DFF ABB|EBB BAA|DFF ABB|Ecc cBB|DFF ABB|
EBB BAA|1 cee cBA|cec B2B:|2 cee fef|cBA B3||
cAc =dcd|efe cAA|cAc =dcd|efe dBB|
cAc =d3|efe dff|eab afe|cBA B3:|
Also known as Scottland-Ireland.
There are 2 recordings of this tune.
Scotland-Ireland has been added to 24 tunebooks.
Source: Cathal McConnell - Long Expectant Comes at Last
a tune half-touched by a fairy, that is: totally Cathal!
I love the first part especially, it sounds good on his record with a f(l)air-y keyboard accompaniement.
Tonality = EMaj? Could as well be A or D for what I hear,..
Should this be registered as the first atonal traditional Irish tune?
Whatever the key of the tune, it makes good use of the Eb-key of the flute…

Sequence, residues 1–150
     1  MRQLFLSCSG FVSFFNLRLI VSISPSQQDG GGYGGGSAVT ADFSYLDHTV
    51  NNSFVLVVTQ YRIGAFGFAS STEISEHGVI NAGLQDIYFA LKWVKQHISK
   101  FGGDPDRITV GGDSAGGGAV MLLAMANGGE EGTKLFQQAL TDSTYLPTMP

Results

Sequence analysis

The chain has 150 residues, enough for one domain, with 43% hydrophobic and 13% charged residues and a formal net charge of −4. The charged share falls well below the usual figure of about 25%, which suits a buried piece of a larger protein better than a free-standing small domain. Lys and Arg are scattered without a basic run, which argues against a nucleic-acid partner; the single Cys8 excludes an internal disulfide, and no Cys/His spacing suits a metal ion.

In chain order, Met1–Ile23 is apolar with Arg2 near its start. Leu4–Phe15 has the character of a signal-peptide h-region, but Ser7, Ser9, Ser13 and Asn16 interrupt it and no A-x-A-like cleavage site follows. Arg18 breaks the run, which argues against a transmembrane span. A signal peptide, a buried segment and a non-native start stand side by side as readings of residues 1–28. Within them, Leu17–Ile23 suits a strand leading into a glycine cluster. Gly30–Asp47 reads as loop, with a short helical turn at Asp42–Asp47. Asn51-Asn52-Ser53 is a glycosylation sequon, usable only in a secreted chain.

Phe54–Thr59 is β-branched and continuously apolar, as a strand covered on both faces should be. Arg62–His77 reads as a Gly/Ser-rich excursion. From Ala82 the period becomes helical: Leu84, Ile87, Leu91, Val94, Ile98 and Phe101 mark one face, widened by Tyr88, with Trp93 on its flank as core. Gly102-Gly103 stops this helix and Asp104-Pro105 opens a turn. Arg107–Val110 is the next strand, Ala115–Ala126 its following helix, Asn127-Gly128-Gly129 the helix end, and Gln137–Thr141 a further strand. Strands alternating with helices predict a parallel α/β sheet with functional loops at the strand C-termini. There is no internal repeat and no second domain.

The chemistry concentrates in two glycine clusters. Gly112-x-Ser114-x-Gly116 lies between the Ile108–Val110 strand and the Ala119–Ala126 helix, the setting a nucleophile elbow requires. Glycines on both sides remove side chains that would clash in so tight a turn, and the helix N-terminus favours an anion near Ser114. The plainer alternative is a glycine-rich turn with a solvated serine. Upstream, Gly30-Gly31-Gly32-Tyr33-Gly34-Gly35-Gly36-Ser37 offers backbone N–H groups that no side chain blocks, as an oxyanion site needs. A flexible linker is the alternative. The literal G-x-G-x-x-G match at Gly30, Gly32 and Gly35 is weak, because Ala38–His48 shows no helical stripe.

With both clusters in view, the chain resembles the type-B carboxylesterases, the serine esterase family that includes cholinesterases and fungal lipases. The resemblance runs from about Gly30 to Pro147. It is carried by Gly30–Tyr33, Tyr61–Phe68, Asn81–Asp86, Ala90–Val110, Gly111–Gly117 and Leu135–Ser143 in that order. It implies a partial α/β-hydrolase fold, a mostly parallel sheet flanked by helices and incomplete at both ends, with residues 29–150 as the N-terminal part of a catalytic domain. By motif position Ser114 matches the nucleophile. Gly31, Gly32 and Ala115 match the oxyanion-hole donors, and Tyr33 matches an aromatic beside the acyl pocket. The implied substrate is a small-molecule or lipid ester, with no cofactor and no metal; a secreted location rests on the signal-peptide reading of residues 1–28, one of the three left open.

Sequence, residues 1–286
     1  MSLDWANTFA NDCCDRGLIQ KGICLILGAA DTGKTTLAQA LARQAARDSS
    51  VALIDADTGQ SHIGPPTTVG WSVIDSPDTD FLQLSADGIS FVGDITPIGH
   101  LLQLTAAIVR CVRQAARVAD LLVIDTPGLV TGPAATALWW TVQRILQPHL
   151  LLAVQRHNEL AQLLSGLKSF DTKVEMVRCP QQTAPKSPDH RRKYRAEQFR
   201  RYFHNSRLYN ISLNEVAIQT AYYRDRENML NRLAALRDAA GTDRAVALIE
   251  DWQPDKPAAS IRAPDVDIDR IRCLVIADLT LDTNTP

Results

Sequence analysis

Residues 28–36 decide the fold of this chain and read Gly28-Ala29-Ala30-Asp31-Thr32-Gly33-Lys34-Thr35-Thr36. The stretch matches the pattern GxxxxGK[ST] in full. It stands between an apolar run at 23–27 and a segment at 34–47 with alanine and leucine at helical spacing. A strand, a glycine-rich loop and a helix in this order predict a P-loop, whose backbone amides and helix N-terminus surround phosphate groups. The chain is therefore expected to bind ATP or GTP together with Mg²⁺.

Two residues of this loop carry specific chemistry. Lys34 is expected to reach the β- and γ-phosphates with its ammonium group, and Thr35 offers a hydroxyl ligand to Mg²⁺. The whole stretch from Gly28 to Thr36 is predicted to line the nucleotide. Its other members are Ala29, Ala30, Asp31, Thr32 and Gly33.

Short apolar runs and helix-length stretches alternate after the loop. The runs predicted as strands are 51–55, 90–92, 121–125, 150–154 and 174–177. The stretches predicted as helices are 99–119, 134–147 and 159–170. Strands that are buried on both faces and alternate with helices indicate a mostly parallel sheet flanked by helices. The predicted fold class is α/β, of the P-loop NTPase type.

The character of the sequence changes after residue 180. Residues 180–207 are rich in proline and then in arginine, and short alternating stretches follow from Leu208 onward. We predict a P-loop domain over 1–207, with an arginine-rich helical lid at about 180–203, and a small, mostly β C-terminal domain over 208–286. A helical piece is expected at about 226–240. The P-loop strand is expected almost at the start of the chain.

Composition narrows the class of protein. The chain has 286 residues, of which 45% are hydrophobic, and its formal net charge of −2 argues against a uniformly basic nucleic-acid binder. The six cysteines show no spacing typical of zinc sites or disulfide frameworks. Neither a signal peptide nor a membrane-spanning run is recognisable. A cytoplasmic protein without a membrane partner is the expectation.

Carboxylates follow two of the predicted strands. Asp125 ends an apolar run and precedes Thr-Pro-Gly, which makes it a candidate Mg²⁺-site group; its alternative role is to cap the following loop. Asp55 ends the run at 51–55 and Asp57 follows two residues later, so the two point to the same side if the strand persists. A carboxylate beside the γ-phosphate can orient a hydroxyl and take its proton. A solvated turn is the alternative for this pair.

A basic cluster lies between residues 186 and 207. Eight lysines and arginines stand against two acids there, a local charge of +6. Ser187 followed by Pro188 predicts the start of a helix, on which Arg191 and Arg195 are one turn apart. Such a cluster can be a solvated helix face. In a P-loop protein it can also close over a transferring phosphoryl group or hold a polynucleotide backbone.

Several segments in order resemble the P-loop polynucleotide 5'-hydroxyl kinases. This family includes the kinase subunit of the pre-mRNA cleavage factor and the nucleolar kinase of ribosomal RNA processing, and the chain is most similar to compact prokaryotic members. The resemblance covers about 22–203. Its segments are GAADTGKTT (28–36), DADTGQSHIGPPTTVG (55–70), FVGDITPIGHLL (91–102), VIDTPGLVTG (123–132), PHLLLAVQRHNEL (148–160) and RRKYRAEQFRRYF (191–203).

I don’t think I know any other tune that sounds like this one, though you never know with all the new fangled ones that keep popping up.
The cadenzas -or is it cadences?- the ends of each part of Liz Carroll’s Diplodocus https://thesession.org/tunes/620 have a similar feel.
There’s no end of weird, shifty, jezzy, odd and even outright bizarre tunes these days, alright; some of them clearly queerly beautiful sometimes.
Here’s an other oldie but sunset-goldenie one co-penned by Cathal McConnell:
I came across this tune from my Wooden Flute Obsession recordings compilation (same track).
I would call this B Mixolodion. The melody in the A section clearly resolves on a ‘b’ and the accompaniment is something like |B |Bsus|B |A | The B section goes to an AM key center but returns to B by the last bar.
Interesting tune but I don’t like being so aware of harmonic changes. It feels a bit forced to me.